Saturday, November 11, 2017

Arirang Stele Forest Park, Mungyeong Saejae

On the approach to the Mungyeong Saejae Provincial Park, Gyeongsangbukdo, is the Arirang Stele Forest Park. Calling it a forest is a bit much, but this pass at Mungyeong is where scholars and yangban traveled from the southeast areas of Korea to Seoul, often on governmental business but also for taking the state-administered exams. Legend has it that one of the Arirang songs was composed in this pass. For this reason, the Arirang-Stele Forest Park was built here. 

monument for Mungyeong Saejae Provincial Park
Two placards amidst the steles explain the conceptual creation of the park (2015):
All kinds of lyrics of Arirang, one of the representative folk songs of Korea, which reflects the joys and sorrows of the Korean people, were searched for and investigated. Among them, approximately 10,000 pieces were selected and finally recorded on hanji, the traditional Korean handmade paper, made in Mungyreong, by 120 calligraphers in 2013. The aim was to preserve the lyrics of Arirang which are nearly forgotten and to further honor the spirit of the song to wish for the reunification of South and North Korea to move forward into the future together by erecting steles. Moreover, to commemorate approximately 10,000 pieces of Arirang here and make this place the birthplace of the Arirang-Stele Forest, Arirang songs that are enjoyably sung by all Koreans were engraved on those steles. Calligraphers born in Mungyeong such as Hwang Gyu-uk, Jo Yong-cheol, Chae Sun-hong, Kim Ho-sik, and Kim Yeong-bae wrote the lyrics in calligraphy.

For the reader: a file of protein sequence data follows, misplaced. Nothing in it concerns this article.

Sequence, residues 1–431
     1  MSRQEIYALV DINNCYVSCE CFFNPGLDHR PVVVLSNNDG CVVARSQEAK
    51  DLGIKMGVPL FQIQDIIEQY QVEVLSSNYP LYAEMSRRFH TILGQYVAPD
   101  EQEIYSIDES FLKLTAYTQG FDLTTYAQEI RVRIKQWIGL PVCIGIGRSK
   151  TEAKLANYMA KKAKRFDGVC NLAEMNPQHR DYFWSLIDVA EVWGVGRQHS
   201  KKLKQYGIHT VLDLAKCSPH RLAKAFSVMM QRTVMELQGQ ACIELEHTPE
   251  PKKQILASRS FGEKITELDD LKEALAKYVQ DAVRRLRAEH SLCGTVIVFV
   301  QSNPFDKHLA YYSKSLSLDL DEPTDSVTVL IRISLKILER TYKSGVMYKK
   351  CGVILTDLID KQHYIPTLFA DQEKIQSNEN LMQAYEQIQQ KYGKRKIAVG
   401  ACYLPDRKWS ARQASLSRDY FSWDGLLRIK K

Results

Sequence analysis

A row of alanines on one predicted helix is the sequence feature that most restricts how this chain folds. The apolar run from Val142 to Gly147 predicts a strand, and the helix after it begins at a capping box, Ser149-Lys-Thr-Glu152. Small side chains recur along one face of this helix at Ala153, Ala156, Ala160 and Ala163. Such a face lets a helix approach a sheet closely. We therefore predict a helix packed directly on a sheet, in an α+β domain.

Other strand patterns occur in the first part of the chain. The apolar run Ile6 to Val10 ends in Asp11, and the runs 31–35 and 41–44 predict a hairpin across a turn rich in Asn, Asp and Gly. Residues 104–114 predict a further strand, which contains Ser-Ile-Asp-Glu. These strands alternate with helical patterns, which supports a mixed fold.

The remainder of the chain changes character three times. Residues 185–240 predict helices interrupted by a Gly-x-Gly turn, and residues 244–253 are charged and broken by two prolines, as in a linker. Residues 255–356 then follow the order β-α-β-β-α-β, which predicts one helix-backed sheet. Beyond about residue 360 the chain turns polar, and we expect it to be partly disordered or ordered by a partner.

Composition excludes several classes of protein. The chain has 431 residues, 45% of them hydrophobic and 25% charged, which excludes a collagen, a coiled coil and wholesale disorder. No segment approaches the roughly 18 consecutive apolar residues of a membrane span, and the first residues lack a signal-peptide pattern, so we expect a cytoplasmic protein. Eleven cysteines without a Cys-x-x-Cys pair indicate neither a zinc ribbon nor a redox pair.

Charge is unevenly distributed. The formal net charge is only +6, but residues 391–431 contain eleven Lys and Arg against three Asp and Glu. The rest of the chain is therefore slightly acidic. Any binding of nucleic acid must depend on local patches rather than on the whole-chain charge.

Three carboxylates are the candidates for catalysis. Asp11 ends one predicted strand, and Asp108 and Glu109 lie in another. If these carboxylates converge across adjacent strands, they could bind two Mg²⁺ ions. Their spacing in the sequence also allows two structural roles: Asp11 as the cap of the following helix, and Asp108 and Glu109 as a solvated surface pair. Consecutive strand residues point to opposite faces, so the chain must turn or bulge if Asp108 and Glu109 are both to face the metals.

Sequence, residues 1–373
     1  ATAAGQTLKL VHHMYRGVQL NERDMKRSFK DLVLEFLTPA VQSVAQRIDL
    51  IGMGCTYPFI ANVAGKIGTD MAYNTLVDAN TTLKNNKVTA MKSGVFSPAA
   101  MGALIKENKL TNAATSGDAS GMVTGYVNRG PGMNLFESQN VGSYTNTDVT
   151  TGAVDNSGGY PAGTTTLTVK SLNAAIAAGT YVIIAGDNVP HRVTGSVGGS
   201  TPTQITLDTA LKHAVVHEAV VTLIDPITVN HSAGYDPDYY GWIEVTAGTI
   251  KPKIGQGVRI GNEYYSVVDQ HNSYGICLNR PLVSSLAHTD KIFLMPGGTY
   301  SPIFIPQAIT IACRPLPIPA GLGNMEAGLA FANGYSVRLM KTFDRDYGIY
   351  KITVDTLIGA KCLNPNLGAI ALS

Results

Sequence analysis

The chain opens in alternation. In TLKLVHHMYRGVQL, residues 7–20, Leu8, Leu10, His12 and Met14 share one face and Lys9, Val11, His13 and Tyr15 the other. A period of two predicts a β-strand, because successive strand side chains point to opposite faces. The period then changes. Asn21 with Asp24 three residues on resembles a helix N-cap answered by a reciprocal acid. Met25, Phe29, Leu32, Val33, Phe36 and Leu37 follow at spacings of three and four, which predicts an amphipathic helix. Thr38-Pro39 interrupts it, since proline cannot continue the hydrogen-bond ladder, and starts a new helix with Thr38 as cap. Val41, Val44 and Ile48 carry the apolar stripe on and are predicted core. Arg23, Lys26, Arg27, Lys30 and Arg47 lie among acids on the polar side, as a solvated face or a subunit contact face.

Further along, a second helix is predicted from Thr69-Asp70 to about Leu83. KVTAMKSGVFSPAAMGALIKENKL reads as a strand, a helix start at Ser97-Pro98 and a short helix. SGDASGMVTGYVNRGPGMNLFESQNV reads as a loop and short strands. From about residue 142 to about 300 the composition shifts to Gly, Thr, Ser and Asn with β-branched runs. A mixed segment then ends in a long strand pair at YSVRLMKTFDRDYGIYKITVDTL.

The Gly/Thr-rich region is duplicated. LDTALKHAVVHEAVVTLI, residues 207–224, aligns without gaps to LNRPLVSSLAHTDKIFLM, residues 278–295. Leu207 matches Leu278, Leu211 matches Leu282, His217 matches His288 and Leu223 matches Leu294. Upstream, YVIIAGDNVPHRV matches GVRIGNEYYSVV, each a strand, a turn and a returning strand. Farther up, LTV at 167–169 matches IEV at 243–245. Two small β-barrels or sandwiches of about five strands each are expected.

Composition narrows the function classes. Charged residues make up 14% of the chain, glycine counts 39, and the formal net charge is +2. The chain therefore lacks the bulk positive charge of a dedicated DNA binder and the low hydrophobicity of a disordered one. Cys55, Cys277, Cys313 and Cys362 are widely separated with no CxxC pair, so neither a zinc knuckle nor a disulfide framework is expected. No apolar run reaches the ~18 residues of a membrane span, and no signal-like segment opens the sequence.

The traditional song known as "Mugyeongsaejae Arirang" contains local sentiment in its melodies and rhythms. During the reign of King Gojong (1863-1907), American missionary Homer Bezaleel Hulbert (1863-1949) recorded it as a typical folk song of Joseon Dynasty. The refrain "Mun-gyung sai-chai pak-tala-n mu hong-do-kai pang-maing-i ta na kan da" led to the creation of other versions of Arirang across the country. The local Arirang song was gradually falling into oblivion with the passage of time. However, as luck would have it, a local singer named Song Yeong-cheol revived the song, preserving it for future generations. Today we are erected this monument in the fervent hope that this song will fill the Korean people with hope and promote a spirit of reconciliation, while helping us to find a new path based on the old traditions. Now we sing a line from the song that embodies all the joys and sorrows of our ancestors while traveling over the pass.
Varying lyrics of Arirang are inscribed on granite -- steles to the music of Arirang!

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